The point I am trying to make is every body can be beautiful and healthy, any size, any shape, period, end of story. The science backs it up. So don’t assume you know someone’s health on the basis of their body. AND don’t assume it’s any of your business.

Empowering Fat

So I have received quite a few comments and messages of concern around my usage of the word fat over terms like plus size, voluptuous, fluffy, etc.  I wanted to take the time to talk about the reclamation of the word fat and how we can use it to feel empowered instead of victimized.

Let me start by saying that I certainly understand why people might be off put by the word fat. For many of us, that word has been hurled at us violently from family members, strangers, doctors, and from moving cars. It has been used to attack in expected situations like family dinners and doctor visits, and it has surprised as we walked down the street minding our own business. It has been followed by snorting pig noises, moos, and commonly derogatory terms as in fat bitch, slut, fuck, asshole, and so on. I get why fat can be a pretty damn hurtful word for people of size. So, why do I use it?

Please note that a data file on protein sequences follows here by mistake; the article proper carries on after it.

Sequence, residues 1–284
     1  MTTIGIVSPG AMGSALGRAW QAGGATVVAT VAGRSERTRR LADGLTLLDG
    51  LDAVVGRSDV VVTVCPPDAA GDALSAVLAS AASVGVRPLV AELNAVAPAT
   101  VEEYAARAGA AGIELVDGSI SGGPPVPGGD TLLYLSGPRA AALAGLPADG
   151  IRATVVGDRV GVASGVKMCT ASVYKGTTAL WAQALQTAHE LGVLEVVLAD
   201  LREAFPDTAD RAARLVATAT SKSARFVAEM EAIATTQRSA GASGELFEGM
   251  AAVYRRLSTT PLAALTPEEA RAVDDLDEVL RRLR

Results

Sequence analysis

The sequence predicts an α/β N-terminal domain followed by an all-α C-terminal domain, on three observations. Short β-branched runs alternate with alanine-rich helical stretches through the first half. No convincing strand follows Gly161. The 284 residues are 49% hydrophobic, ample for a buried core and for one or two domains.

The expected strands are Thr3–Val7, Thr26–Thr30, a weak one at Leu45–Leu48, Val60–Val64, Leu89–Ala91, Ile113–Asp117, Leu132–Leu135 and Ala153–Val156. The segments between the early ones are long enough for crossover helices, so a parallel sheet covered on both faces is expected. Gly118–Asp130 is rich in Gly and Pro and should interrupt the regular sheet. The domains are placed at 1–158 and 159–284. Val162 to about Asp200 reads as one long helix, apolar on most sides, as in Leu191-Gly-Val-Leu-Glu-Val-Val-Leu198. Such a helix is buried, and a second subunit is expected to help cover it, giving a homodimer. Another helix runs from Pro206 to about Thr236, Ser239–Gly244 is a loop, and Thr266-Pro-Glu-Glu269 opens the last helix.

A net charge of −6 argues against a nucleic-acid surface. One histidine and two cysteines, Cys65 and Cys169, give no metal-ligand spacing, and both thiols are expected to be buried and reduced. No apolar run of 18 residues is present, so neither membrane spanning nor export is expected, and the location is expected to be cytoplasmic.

I feel like when we continue to allow it to be a four letter word, we continue to give it the power to hurt not just ourselves but other fat people. When we use terms like voluptuous or fluffy over fat, it perpetuates the idea that there is something shameful or wrong about being fat. It’s something we have to cover up, hide, and stuff into a pair of Spanx pronto. I have no shame about fat, I want to stick that word on a pedestal in a bikini with a neon sign that says “Hey there sexy pants!” Too far? But you get the idea.

I use the word fat to rob it of its negative power. I’m a fat woman, but I am also quite tall. I am 5’9”.  I have never described myself as tall and had someone rush quickly to me and be like “Oh no! You’re not tall, you’re just vertically advanced.”

I don’t need someone to make excuses for my size, or qualify my size. I don’t want to be told “Oh you’re not fat, you’re pleasantly plump, rotund, fluffy, or a meat and potatoes kind of gal”. And I especially don’t want to be called hefty. Kind people, I am not a trash bag. I am fat, tall, pale, red haired, and freckled, and each of those descriptive words should merit the exact same reaction.  And it’s for this reason that I loudly and proudly use the word fat, because nobody should be afraid of that word or of that idea. 

I’m Alive!

Greetings after a long hiatus…

So, you may be looking at this blog and notice a tiny gap in the timeline. Hey! It’s only been two years since I posted.  I suppose I may owe readers an explanation. Here is the deal: after being accepted into graduate school my life got crazy. I worked more than full time hours, traveled at conferences, began working as a professional speaker, conducted research with human subjects, and wrote a thesis. As you can imagine, my days were a tad bit full. Oh and I forgot to mention that I moved 6 times! SIX! But, it’s alright. I now sit before you a Master of Arts, with a full time amazing job, and ready to start blogging yet again.